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New Zealand's Motorsport Future.

As a Member of the Motorsport Trust it was a great delight to see the skills and effort put in by the group that attended the camp this year. Eight of New Zealand's most promising motorsport talents have been honing their craft at the Elite MotorSport Academy in Dunedin.

The participants were chosen from 40 applicants, and are following in the footsteps of successful New Zealanders such as World Rally Championship driver Hayden Paddon and GP2 contenders Mitch Evans and Richie Stanaway.

Le Mans winner Earl Bamber and runner-up Brendon Hartley also graduated from the academy in the past, as did V8 supercar driver Shane van Gisbergen.

The seven-day academy tests the applicants physically and mentally, and focuses on a wide range of skills required for high-performance sport.

Nicole Summerfield (25), of Rangiora, and Michael Read (26), of Hamilton, were two of the eight selected for the 12th installment of the academy.

Summerfield is the co-driver for younger brother Matt in the New Zealand Rally Championship, and said the programme had ''100% exceeded her expectations''.

''The reality is, if you look at all the motorsport people that are succeeding at the moment like Brendon Hartley and Hayden Paddon, they've all done this,'' she said.

''We're now getting the same tools that they got a couple of years ago. I can't even explain what tools we have now over our competitors. It's priceless.''

Summerfield and her brother, who graduated from the academy a few years ago, finished fourth in last year's NZRC, and are fourth in this year's competition with two rounds to go.

Read co-drives for Michael Young, who is also in this year's academy, in the Asia Pacific Rally Championship, and for Dylan Turner in the NZRC.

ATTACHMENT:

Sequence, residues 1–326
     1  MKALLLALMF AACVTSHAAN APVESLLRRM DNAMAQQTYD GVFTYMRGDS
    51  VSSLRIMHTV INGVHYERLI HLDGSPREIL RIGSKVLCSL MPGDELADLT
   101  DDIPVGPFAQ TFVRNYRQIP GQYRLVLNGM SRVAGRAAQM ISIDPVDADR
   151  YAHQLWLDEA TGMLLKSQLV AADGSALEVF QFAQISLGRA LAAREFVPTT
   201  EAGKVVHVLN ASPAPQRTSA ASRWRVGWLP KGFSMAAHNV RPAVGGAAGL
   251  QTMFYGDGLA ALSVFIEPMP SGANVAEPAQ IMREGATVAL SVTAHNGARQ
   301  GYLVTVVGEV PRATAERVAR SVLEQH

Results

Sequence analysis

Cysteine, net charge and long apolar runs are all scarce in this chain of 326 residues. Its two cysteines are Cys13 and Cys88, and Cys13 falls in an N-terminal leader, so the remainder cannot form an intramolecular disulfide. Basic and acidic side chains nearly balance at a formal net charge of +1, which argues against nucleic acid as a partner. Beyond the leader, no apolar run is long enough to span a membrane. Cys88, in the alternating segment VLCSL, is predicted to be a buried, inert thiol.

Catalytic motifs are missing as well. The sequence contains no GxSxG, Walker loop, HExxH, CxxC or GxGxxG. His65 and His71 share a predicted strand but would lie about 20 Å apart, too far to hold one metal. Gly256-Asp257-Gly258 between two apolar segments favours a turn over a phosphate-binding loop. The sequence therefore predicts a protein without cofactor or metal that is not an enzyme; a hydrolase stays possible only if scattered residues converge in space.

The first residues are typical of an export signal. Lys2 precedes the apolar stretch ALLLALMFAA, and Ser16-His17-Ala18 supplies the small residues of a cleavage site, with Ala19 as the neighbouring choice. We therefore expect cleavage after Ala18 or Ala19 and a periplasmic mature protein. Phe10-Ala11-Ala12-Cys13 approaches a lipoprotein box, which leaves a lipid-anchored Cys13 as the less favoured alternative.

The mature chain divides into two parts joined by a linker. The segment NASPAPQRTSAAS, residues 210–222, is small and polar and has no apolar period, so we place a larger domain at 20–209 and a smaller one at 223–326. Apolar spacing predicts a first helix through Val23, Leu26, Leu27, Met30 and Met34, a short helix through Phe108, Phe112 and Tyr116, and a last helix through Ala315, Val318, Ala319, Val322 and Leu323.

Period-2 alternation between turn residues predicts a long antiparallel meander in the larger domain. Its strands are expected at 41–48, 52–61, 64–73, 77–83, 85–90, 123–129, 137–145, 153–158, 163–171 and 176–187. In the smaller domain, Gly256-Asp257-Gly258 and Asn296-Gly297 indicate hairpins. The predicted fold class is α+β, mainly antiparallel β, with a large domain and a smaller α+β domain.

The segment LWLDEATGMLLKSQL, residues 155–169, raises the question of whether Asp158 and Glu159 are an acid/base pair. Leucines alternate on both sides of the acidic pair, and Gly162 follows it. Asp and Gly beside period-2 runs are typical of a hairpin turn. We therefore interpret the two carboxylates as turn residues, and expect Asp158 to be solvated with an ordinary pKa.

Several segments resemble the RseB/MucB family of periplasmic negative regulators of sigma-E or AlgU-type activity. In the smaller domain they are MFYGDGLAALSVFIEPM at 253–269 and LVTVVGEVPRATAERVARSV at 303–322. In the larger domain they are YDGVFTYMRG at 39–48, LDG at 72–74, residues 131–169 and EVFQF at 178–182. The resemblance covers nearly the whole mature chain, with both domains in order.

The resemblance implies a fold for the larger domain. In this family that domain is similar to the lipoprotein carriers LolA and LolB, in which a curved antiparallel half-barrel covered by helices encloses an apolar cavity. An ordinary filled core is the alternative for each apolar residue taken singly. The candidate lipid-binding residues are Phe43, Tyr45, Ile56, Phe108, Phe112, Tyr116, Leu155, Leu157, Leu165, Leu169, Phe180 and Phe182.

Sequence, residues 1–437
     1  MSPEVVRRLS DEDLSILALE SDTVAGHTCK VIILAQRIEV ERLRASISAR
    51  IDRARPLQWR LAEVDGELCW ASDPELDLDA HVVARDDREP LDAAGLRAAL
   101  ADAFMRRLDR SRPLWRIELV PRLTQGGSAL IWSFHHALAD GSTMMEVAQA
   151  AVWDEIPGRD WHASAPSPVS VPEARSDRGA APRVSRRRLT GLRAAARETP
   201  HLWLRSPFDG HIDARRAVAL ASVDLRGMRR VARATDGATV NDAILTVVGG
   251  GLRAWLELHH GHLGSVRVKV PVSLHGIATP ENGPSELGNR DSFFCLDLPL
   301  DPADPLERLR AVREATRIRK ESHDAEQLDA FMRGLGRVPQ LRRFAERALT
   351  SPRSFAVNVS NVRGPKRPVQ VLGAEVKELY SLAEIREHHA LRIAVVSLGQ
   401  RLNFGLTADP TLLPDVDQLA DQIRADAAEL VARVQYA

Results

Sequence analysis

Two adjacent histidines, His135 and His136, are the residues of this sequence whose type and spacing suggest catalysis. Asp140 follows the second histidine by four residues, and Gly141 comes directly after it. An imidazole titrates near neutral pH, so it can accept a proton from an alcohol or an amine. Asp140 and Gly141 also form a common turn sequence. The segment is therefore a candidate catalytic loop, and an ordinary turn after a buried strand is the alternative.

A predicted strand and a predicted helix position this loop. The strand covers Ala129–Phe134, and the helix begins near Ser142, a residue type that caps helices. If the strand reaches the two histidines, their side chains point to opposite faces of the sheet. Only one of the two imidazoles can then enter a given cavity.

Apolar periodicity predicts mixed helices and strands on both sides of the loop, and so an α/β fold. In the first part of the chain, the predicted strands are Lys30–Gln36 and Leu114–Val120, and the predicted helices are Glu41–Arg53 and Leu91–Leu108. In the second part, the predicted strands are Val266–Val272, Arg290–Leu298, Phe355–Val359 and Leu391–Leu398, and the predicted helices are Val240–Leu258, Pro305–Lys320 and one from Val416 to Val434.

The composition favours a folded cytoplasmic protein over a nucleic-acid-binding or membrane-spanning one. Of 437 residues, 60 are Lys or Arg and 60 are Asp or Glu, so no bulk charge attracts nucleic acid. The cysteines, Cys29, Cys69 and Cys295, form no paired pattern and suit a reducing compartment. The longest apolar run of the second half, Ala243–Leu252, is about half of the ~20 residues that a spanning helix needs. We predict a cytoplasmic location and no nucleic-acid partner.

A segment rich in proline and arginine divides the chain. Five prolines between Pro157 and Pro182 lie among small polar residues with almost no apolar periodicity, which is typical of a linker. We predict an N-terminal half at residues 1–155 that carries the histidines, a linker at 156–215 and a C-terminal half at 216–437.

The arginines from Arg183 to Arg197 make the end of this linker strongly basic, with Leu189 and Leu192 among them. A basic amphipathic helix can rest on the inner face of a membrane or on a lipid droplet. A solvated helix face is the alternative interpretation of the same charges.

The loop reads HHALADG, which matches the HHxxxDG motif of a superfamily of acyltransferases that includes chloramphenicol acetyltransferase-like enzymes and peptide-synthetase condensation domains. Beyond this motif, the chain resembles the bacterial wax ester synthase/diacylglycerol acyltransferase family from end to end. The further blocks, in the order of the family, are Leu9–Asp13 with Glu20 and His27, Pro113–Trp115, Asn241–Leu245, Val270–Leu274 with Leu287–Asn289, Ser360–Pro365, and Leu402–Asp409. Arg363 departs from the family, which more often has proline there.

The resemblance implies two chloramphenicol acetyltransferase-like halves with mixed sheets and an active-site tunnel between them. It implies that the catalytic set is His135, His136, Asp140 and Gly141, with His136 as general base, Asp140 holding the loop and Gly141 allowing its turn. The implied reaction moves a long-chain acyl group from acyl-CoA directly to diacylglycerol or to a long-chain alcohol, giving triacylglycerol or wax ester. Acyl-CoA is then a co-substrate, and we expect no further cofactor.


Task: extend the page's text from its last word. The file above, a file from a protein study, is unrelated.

He and Young are the first driver and co-driver pairing to attend the academy since it launched in 2004.

Read started co-driving seriously when he was 14. He and Young dominated the 2WD class in the APRC the past two years and are competing in the 4WD class this season.

He also said his experience in Dunedin had exceeded his expectations.

''You sort of venture into these sort of things a bit naive,'' he said.

''But to actually get the quality of teaching that we are getting has really surprised me. We're getting the same tuition that the Highlanders have got, and we're getting that tuition in our discipline.''

Both Read and Summerfield have aspirations to go professional. They would remain under contract to the academy for the next 12 months, academy trustee David Turner said.

''It doesn't stop when they leave. I will have an active role in keeping in touch with them. Every two months we will have a group conference call,'' Turner said.

''These guys are getting an opportunity that isn't available anywhere else in the world.''

The most promising graduate will be awarded the Ian Snellgrove Memorial Trophy. Snellgrove, who died in 2012, was the driving force behind the academy's establishment.

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